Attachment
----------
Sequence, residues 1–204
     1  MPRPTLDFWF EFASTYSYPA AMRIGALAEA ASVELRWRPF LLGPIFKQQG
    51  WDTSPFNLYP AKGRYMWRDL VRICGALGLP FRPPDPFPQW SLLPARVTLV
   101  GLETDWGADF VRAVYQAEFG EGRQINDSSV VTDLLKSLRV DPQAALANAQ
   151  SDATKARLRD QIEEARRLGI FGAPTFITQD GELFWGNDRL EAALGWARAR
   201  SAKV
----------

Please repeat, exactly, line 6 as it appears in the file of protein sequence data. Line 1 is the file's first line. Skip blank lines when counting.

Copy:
   201  SAKV